Missing Link (2019)
Missing Link (2019)
Meet Mr. Link
You wait for years for a good, family friendly, cryptid-themed animated film to come along, and then suddenly two show up at almost the same time. Only a little over six months ago we got treated to Warner Animation Group’s Smallfoot (2018), and now comes the response to that call in the form of Laika’s Missing Link.
Essentially a buddy comedy, Missing Link sees the titular character, a Sasquatch voiced by Zach Galifianakis, Puss in Boots (2011), reach out to failed adventurer and wannabe cryptozoologist Sir. Lionel Frost (Hugh Jackman’s pipes) for some much-needed aide. The creature is the last of his kind and needs help getting to a hidden valley in the Himalayas where he hopes to find a distant branch of his furry family (yeti, of course).
For his part, Lionel wants glory and the respect of the Explorers’ Society in London — naturally, he will need to learn some lessons as things progress. And so the two set off for Link’s home in the Pacific Northwest. Standing in their way: bounty hunter Willard Stenk (Timothy Olyphant), hired by Lionel’s rival, Lord Piggot-Dunceby (Stephen Fry), to stop them by any means necessary. Reluctantly abetting them: Lionel’s sparky ex, Adelina Fortnight (Zoe Saldana). Charming us: Laika’s delightfully handmade-looking stop-motion animation and a rather wonderful, whimsical rendition of a fantastical late 19th century.
Animation house Laika have form for this sort of thing — over the years they’ve given us the Neil Gaiman adaptation Coraline (2009), the bizarre fantasy The Boxtrolls (2014), the Japanese myth/ Beatles mash-up Kubo and the Two Strings (2016), and more. They’re the anti-Pixar in a way, doing smaller scale, decidedly offbeat movies that don’t seem to sacrifice idiosyncrasy for popularity (no disrespect to Pixar, but their broad popular appeal is very much down to always aiming for, well, broad popular appeal). So, an eccentric story about a gentle Bigfoot (who at one point chooses the name Susan for himself) and an ambitious, foolhardy monster hunter learning to get along is right up their alley.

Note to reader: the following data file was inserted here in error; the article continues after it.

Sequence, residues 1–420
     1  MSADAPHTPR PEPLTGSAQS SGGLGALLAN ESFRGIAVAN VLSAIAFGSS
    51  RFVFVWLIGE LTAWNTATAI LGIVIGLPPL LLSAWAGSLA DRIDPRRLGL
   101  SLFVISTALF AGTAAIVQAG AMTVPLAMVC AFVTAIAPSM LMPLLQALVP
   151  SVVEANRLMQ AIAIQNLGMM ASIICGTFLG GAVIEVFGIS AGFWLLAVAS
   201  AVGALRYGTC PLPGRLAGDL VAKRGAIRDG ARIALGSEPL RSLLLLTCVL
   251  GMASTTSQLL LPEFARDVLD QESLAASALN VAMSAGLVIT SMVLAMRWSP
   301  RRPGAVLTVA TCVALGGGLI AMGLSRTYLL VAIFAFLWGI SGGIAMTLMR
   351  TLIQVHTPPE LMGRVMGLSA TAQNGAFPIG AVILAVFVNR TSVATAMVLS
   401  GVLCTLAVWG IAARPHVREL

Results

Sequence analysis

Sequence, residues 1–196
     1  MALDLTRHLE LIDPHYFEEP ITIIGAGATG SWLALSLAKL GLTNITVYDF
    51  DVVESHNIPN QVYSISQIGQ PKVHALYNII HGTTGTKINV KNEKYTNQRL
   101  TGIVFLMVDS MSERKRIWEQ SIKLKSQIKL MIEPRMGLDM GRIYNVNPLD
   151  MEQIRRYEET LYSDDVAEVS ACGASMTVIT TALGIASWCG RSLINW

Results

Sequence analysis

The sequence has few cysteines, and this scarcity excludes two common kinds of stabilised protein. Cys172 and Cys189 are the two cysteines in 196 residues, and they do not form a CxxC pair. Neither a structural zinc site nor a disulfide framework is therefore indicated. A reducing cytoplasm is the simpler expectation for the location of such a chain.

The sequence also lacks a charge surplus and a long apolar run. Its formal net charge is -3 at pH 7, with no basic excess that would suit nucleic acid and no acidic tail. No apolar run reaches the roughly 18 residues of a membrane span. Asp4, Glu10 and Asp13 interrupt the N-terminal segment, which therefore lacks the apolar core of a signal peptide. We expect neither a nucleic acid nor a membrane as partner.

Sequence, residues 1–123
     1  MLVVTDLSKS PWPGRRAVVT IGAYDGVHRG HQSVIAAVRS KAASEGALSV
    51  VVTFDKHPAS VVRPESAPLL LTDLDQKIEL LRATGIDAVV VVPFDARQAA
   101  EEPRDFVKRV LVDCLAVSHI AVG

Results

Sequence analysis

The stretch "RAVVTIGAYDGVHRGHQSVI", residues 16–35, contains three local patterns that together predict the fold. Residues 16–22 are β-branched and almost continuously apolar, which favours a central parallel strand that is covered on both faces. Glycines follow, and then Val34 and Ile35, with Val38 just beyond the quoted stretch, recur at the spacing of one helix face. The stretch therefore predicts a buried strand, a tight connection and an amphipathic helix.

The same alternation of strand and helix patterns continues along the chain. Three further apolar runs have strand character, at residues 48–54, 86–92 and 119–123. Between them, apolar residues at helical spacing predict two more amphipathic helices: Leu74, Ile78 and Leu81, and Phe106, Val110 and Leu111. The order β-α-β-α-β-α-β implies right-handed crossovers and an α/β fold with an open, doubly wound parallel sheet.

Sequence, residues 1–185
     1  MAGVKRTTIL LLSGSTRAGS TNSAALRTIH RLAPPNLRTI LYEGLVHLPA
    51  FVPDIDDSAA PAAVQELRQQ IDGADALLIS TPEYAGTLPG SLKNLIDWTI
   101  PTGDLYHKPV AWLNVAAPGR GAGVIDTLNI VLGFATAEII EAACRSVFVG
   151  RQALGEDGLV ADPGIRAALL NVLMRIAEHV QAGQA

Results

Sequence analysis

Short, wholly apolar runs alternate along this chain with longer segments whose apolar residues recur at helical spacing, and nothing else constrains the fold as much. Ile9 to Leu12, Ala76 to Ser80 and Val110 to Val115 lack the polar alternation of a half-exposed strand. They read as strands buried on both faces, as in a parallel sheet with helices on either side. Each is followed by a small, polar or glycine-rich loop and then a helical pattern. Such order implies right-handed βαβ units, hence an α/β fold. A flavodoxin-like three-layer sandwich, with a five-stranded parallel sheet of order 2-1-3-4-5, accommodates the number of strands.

Yet there’s something missing. Kubo is the company’s masterpiece, and Missing Link doesn’t get within a parsec of that film’s thematic complexity and emotional resonance (take all the tissues to Kubo, folks). Indeed, the script by writer-director Chris Butler, ParaNorman (2012), seems a little undercooked, never strongly commenting on the colonialism that underpins its setting and story. All the pieces are there, but they never line up correctly. Similarly, ‘Susan’s’ status as the last of his kind never quite has the impact it should, and Lionel’s relationship with Adelina — a clear riff on Indiana Jones and Marion Ravenwood — fails to spark.
Missing Link’s aesthetic, however, is absolutely on point, and its carved-wood-looking characters and elaborate, exaggerated sets are worth staring at for days. The voice cast is all in top form, with Galifianakis’ amiable, innocent title character a standout. The pace rarely flags, so you won’t find yourself checking your watch. Still, even for an outfit with such limited output, this feels very much like mid-level Laika. Having said that, if this is what their median quality looks like, they’re punching well above their weight.
3 / 5 – Good
Reviewed by Travis Johnson